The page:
Jones & Hill -December 2017

The Must-Read, Change-Your-Life Newsletter helping seriously injured people for over 30 years

DEcember 2017

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Growing up in Oakdale, I experienced a traditional Louisiana Christmas. We sang songs like “Winter Wonderland,” “Let It Snow,” and “Frosty the Snowman” in our living room, despite having lush green grass just a glance away on our front lawn. The weather doesn’t reflect the traditional Christmas card scenes, but there was something about the images of frosted lanes and sleigh rides that illuminated my soul as a young child. As I grew older, though, my perspective changed. Sure, we don’t experience white Christmases in this part of the country. But, while I’ve never had the privilege of building a snowman, I’ve experienced the wonder of a true Louisiana Christmas. “I’VE VISITED PLACES WITH TALL MOUNTAINS, FRESH SNOW, AND DENSE PINE-TREE FORESTS. THEY ARE BEAUTIFUL, BUT COME CHRISTMAS TIME, THERE’S NO PLACE I’D RATHER BE THAN RIGHT HERE IN LOUISIANA. ” Next to Christmas hams and turkeys, we have signature dishes. I’m sure many of you have had seafood gumbo and oyster dressing as part of your feast. Perhaps even Louisiana turducken, which is the best of all three worlds! My mouth waters when I think of the bread pudding, pralines, pound cake, and divinity that frequently grace our dining table during the holidays. You’d find very little of that in Christmas-card towns like Vienna or Berlin, but that’s one of the reasons it’s so special. On top of that, we have an ever-present Cajun influence that truly comes alive at Christmastime. Cajun sausage is a staple for many, as well as trips to the Cajun Christmas Festival in Lake Charles.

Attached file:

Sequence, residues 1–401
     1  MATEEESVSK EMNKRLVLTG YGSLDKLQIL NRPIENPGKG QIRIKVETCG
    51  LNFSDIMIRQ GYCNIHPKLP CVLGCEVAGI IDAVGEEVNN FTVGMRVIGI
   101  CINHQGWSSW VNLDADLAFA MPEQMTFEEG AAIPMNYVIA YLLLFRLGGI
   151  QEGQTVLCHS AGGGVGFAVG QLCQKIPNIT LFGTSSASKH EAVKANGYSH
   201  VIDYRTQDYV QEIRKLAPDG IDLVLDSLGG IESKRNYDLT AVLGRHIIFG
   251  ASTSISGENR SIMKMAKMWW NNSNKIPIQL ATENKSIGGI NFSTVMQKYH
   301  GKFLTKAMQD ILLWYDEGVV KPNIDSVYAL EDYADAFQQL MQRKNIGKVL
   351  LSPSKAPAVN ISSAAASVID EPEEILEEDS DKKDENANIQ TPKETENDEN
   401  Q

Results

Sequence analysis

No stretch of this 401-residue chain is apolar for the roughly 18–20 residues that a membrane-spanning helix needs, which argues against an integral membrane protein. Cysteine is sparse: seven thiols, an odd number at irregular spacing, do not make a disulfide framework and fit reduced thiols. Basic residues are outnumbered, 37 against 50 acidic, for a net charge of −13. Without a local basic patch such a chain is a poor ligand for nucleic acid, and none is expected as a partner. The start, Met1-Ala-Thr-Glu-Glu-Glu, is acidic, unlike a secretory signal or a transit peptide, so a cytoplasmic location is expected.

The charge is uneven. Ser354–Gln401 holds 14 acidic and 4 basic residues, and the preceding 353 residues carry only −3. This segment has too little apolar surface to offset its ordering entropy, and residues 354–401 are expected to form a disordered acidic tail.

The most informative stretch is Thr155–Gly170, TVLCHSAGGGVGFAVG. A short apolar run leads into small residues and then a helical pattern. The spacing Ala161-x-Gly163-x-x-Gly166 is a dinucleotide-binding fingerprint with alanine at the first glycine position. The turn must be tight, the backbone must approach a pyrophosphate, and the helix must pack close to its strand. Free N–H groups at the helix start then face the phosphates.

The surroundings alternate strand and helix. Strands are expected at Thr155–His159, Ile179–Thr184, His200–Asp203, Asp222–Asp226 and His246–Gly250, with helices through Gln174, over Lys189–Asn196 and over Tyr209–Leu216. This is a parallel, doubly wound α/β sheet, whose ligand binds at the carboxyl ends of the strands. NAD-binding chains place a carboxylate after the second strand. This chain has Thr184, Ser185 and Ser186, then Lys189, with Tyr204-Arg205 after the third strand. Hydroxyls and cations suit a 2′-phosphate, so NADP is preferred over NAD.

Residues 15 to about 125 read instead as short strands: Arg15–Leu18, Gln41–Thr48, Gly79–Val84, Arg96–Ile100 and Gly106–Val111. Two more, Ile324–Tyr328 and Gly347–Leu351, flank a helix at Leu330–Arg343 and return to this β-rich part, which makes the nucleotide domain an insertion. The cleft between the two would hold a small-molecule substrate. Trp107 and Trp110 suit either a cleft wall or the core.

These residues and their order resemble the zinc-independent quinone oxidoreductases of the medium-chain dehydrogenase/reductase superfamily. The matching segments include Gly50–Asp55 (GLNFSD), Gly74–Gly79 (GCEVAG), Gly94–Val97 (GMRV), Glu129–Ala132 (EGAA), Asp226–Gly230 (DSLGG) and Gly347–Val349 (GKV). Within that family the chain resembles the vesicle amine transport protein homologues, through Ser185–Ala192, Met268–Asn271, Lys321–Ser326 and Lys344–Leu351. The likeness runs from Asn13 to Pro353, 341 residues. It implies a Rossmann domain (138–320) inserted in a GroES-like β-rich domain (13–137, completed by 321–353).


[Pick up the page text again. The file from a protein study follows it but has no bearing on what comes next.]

If you’ve never experienced the festival, I truly recommend it. It’s rich with tradition and atmosphere.

Have you ever read the Cajun “Night Before Christmas” to your

children? I know some who find it a little dense, but I’ve always found it charming. You can watch an animated version of the classic reading by Tee Jules — just run a Google

search. Other artists have celebrated the unique Christmas culture of the Pelican State, including the late Fats Domino with his song “Gumbo Christmas,” and John Lee Sanders with “Christmas Without the Creole.” In our town, we host a parade and decorate our homes. In the big city, riverboat-shaped light fixtures glow on certain streets, while the French Quarter is adorned with wreaths and Christmas lights. Visiting the city for a Christmas-themed night out is a rite of passage, as well as other wonderful events. (See our events article inside this issue for more places to take your family.) How a culture celebrates holidays and special occasions is one of its most defining characteristics, whether you’re from Berlin, Beijing, or Baton Rouge. I’ve visited places with tall mountains, fresh snow, and dense pine forests. They are beautiful, but come Christmastime, there’s no place I’d rather be than right here in Louisiana.

To you and those you love, may you find peace and joy this Christmas season and prosperity in the new year!

–Cra ig Jon e s


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